That said, it can be exhausting, and it’s easy to fall into the trap of thinking that every moment must be productive, every day carefully planned and executed. My personal problem with this camp is that I end up feeling like a failure if I don’t accomplish what I set out to. If I have a hard mental health day or just need a day off to do nothing, I end up feeling awful because I didn’t cross those items off my To Do list. There is a lot of guilt served up at the Mess Hall of Camp Type “A” — not by the other campers but by your own inner lunch lady.
Also, I really think there is something to be said for “Enough.” This camp is very “Bigger, Better, Faster, More” and if we are constantly striving to be better in every way, we run the risk of not slowing down to appreciate what we have, who we are, and what we have already accomplished. Taking the leap isn’t always the most prudent decision. Yes, sometimes we need to recognize that fear is holding us back from our right path, but other times, taking it slowly would be a better option. (See: Big Magic, in which Elizabeth Gilbert implores us not to task our art with paying the rent.)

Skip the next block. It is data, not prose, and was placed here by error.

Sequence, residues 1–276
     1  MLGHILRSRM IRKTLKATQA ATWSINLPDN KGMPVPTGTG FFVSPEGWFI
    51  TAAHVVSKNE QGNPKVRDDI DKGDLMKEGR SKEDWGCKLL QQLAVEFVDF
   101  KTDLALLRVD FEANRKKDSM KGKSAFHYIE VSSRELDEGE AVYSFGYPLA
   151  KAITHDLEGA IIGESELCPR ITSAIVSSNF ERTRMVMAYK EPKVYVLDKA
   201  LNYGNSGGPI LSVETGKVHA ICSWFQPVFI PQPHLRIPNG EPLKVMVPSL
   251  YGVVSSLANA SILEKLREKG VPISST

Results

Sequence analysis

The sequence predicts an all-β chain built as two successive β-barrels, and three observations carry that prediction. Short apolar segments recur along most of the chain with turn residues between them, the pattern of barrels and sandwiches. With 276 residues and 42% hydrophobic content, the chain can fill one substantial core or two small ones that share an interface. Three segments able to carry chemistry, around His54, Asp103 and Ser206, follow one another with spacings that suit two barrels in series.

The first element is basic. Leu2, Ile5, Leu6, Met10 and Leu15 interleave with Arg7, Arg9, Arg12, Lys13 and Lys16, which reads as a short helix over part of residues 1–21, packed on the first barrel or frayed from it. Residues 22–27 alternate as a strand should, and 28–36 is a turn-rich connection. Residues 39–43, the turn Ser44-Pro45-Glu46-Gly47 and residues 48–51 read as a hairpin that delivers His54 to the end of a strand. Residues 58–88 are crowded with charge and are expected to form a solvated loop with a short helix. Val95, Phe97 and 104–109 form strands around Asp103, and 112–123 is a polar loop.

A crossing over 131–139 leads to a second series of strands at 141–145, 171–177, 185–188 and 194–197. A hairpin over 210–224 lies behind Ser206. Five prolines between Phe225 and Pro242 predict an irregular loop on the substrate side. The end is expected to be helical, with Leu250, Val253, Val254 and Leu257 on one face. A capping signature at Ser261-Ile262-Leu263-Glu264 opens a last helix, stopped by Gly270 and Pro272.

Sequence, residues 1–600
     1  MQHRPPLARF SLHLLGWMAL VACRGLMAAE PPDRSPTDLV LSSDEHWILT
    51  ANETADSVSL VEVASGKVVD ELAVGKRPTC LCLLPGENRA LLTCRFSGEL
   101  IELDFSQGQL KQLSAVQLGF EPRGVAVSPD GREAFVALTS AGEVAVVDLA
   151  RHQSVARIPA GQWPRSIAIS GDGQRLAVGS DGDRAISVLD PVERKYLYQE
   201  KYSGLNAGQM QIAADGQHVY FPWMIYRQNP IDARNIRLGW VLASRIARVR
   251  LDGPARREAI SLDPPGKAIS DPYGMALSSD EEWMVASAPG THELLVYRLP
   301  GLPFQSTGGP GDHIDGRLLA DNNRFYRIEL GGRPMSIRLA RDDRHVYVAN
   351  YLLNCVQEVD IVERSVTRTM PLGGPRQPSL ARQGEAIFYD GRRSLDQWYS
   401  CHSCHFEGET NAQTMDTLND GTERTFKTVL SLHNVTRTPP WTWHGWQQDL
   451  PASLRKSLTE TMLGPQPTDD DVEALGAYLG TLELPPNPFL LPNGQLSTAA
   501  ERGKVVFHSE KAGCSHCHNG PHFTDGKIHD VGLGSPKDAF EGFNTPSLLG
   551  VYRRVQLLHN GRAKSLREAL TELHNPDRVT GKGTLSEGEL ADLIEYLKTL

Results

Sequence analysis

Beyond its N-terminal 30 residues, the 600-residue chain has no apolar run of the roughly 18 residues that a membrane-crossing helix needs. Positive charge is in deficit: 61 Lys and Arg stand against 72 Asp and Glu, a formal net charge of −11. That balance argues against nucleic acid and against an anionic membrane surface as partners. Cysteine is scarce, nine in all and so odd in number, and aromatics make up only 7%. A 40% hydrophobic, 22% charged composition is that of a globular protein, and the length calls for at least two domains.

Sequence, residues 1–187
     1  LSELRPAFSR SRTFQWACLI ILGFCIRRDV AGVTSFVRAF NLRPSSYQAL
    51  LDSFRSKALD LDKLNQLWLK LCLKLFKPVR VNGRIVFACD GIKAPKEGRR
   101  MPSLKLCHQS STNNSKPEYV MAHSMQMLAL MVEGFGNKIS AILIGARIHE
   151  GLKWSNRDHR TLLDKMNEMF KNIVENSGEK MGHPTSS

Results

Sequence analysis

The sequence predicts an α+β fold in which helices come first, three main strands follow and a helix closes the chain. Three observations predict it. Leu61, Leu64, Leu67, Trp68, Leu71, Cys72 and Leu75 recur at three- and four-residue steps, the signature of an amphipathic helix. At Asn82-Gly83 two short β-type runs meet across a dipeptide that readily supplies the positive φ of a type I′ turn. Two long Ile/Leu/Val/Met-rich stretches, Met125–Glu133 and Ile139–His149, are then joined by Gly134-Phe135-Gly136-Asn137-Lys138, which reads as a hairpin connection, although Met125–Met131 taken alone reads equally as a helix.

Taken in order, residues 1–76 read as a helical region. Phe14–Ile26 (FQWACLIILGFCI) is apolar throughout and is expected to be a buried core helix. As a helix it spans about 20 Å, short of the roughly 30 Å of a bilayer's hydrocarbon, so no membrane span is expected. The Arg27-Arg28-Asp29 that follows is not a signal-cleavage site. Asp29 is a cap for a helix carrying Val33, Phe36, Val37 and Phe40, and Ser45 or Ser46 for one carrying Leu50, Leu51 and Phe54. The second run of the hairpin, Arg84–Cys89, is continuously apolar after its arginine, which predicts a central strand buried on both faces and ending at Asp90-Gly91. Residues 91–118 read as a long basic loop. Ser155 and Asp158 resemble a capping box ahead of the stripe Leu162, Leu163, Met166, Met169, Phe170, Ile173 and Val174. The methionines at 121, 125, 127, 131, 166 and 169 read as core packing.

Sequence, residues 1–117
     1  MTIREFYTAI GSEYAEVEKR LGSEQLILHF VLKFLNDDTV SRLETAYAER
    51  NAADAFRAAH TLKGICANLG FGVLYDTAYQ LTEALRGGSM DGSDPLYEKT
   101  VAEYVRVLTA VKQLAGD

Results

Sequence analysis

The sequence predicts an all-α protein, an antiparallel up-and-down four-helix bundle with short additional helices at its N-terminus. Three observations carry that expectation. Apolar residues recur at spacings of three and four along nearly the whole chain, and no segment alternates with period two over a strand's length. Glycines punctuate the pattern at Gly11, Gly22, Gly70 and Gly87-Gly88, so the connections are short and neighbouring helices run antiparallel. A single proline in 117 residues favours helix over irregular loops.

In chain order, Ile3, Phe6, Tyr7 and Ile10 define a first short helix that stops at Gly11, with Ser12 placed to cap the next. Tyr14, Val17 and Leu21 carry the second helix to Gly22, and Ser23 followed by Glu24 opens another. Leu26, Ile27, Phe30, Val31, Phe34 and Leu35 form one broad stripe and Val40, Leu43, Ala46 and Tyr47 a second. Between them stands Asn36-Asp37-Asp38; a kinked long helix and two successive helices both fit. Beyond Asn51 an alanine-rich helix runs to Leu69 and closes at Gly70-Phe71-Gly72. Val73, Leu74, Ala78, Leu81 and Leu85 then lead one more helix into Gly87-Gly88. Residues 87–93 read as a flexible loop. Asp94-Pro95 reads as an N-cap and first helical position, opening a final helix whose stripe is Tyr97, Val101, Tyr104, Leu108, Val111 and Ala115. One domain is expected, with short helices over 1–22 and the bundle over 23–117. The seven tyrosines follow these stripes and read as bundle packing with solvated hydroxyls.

I have found that too often, I feel like a day spent running the dayhome, a day watching movies with the kids, or a day prepping meals and cleaning is a “wasted day.” What have I done to further my aims? I have this super long To Do list and the only thing I’ve crossed off is taking my vitamins.
But do I need to always feel like a boss, a winner? That’s not my personality. I’m not type “A,” I’m not competitive. I am motivated, but I’m not motivated 24/7. I strongly believe in the value of sitting and admiring the stars, of spending an evening watching silly cat videos, of making the best of a difficult situation — not having a lot of money, for instance.
What if I want to just be mediocre and enjoy life?
CAMP ADULTING IS HARD